It's easy to forget that we are all perfect in our own design. Sometimes we muck it up with habits and choices that do not serve us.
Happy Passover! Happy Palm Sunday! I hope you are smiling wherever you are!
This morning, I am smiling as I look ahead to Holy Week. I am looking forward to it because it feels like an opportunity to reset. Regardless of your religion, this is a moment for everyone to reflect and renew. Both feel more important now than ever.
The other day, I read a quote from Prince Harry that stayed with me all week long. Writing about his mother’s death and how it affected him as a child, he said: “I didn’t want to believe or accept it, and it left a huge hole inside of me.”
Prince Harry wrote those words in a foreword to a new picture book aimed at helping children cope with losing a loved one to COVID-19. His words resonated with me deeply because grief has left a huge hole inside of me, too. It’s a hole that I’ve tried to fill up over the years with going, doing, and accomplishing things. I’ve always been hoping to get ahead of grief so that I didn’t have to deal with it.
Grief is like that. It’s there, and you want to deal with it, but you know you have to carry on so you try to push past it.
All of us experience grief in different ways. We can lose a parent like Prince Harry did, or we can lose a sibling, a best friend, an aunt or uncle, a treasured pet, or a favorite job. It doesn’t matter who or what we lose. What matters is the hole inside and how we try to deal with it.
So many people are grieving in our midst at this moment. There are those who lost loved ones in the Alabama tornado. There are those who lost loved ones in the senseless Boulder and Atlanta shootings. There are those who have lost loved ones to COVID-19. And, there are those who lost loved ones years ago and are still grieving.
So many people can’t accept the hole inside. So many people cannot accept the truth of their lives or the reality of losing someone they love. COVID brought not just isolation, but tremendous grief as well. And now it feels like it’s bubbling up everywhere.
I find myself thinking a lot about grief as we are inundated with stories about getting back to so-called normal. It feels like there is this urgency to get going—to where or what I’m not sure. It feels like a push to get back to what was.
For me, I don't even know what normal is anymore. Is it normal for someone who has struggled with their mental health to be able to buy an AR-15 so easily? Is it normal to storm the U.S. Capitol? Is it normal to try and suppress people’s right to vote? Is it normal for a woman in a bagel shop to start screaming the "n-word” at a clerk who won't serve her because she’s not wearing a mask per the store's policy? Is it normal for nothing to get done about any of these things?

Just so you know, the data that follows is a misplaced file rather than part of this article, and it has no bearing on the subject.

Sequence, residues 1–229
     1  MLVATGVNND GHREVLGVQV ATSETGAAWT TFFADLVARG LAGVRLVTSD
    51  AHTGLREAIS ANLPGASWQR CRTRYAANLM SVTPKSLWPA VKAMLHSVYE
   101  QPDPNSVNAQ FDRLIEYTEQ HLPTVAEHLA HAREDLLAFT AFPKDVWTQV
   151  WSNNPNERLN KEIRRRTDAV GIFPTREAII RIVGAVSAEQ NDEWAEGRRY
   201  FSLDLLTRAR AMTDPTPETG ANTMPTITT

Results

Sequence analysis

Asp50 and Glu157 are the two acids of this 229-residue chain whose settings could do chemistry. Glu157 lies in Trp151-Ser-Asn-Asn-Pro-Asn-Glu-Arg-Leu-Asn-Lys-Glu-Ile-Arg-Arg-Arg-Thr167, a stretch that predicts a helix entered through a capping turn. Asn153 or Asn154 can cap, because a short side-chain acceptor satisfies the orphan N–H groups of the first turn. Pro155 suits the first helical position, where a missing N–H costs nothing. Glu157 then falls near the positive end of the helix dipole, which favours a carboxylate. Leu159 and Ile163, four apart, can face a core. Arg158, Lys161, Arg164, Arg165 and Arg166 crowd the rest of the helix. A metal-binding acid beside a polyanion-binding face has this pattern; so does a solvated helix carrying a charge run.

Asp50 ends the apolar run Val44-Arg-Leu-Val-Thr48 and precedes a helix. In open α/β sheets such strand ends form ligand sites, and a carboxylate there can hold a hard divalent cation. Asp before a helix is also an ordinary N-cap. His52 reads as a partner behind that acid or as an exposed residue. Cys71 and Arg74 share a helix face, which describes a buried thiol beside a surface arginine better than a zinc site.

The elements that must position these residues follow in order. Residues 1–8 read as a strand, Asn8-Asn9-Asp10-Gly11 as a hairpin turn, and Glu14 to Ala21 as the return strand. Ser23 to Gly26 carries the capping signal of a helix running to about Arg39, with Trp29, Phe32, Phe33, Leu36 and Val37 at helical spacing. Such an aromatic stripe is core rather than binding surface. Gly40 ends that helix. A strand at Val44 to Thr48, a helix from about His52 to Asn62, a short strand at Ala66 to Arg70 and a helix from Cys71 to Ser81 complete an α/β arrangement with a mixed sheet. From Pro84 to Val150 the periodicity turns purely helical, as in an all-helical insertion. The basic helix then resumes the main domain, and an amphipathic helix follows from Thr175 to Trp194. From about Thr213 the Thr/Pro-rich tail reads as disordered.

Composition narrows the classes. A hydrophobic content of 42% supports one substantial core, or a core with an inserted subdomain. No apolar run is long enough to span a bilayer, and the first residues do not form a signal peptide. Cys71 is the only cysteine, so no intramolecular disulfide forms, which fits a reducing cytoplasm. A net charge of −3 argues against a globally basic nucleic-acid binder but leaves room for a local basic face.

The other night at dinner, my son said to me: “I don’t think we are headed for normal. I think we are going to experience another roaring ‘20s. People are pent up, frustrated, and raring to go. We are going to see a whole new normal.”
“Really?" I thought. “Gosh.”
The only thing I'm ready for is Holy Week. I’m ready to take a deep breath, take deep stock of my life, and spend some time thinking about how we can avoid going backwards and instead go forward differently. It’s so important that we move into this new season differently. If we don’t, what will we have learned?
We can’t come out of this pandemic and act as if nothing happened. We can’t turn a blind eye to all the pain and grief that our fellow citizens have experienced. We can’t say to ourselves, “Well, I wasn’t in Boulder or Atlanta, so it doesn’t concern me." We can’t say, "Well, I have my job, so tough luck to those who lost theirs.”
We Americans are resilient (see the new happiness report below). We carry on, dust ourselves off, and persevere. But what if we also took a step back? What if we took a deep breath and vowed to ourselves and one another that rushing toward so-called normal isn’t the best option right now? What if, regardless of one's religion, we used this week to feel one another’s grief and empathize with one another’s pain, loss, and fear about what’s ahead? What if instead of returning to what was, we vowed to be better? What if we vowed to be kinder and to come together in ways we didn’t before COVID?
This past year changed everyone. How could it have not impacted you? So before you roar into the spring and summer, take a beat and use this Holy Week to delve into your heart. If there is a hole there, honor it and have faith that you can mend it. If you are struggling, reach out and talk to someone, as Michael Phelps recommends below.
If you need to make amends in your life, there is no moment like right now. There is no better week than this one to do so. If your grief is overwhelming, I’m so sorry. But breathe and look to others who have written about their own grief journeys. Take solace and inspiration from them. They share their stories so that they can be beacons of hope for others.
And if you are blessed, as so many are, share your good fortune in whatever way speaks to you. One person can dramatically change another person's life for better or worse. We saw that yet again this week. We’ve seen how one person can take a life and ruin so many others in an instant.
So, in the coming days, think about being someone who strives to make life better for another person. Holy Week isn’t just any other week. It leads us into the Resurrection. It paves the way for renewal. Don’t think of going back to normal anymore. Head towards your rebirth.
See you in The Open Field.
PRAYER OF THE WEEK
Dear God, please let me see Holy Week as a time for renewal and rebirth. Rather than mourning what was, let me see this as a chance to reflect on how we can make things better than they were before. Amen.
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